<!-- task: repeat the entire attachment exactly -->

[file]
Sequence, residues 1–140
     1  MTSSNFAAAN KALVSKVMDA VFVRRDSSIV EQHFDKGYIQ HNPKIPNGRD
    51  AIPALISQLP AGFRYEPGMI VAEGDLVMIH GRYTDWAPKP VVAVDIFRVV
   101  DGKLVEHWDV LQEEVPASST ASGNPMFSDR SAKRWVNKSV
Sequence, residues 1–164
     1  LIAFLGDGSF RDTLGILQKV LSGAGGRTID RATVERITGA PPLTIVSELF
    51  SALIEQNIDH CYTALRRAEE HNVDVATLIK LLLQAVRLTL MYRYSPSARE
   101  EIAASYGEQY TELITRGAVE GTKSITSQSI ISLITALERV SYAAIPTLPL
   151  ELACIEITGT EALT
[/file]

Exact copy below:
Sequence, residues 1–140
     1  MTSSNFAAAN KALVSKVMDA VFVRRDSSIV EQHFDKGYIQ HNPKIPNGRD
    51  AIPALISQLP AGFRYEPGMI VAEGDLVMIH GRYTDWAPKP VVAVDIFRVV
   101  DGKLVEHWDV LQEEVPASST ASGNPMFSDR SAKRWVNKSV
Sequence, residues 1–164
     1  LIAFLGDGSF RDTLGILQKV LSGAGGRTID RATVERITGA PPLTIVSELF
    51  SALIEQNIDH CYTALRRAEE HNVDVATLIK LLLQAVRLTL MYRYSPSARE
   101  EIAASYGEQY TELITRGAVE GTKSITSQSI ISLITALERV SYAAIPTLPL
   151  ELACIEITGT EALT